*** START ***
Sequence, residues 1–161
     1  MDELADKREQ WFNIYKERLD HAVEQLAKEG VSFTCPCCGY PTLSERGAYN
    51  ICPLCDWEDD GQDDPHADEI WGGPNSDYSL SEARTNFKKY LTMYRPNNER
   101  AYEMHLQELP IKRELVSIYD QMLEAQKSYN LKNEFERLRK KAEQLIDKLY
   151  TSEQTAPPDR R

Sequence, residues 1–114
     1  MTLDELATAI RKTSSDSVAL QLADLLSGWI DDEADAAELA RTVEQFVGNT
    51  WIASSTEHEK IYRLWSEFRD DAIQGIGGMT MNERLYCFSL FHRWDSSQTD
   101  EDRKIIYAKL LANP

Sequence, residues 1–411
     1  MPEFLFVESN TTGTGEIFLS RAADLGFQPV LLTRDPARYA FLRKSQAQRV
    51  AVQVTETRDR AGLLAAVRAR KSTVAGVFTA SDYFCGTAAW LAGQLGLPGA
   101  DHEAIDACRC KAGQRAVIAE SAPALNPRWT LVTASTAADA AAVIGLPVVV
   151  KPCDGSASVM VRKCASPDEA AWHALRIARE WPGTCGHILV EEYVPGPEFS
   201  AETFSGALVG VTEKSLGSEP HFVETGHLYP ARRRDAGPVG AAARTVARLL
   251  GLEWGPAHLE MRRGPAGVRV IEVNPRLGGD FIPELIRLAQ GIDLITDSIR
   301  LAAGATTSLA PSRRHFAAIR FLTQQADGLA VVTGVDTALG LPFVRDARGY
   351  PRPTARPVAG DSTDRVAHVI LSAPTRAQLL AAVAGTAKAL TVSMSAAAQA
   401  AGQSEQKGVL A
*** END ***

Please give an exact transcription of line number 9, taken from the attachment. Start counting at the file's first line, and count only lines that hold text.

   101  EDRKIIYAKL LANP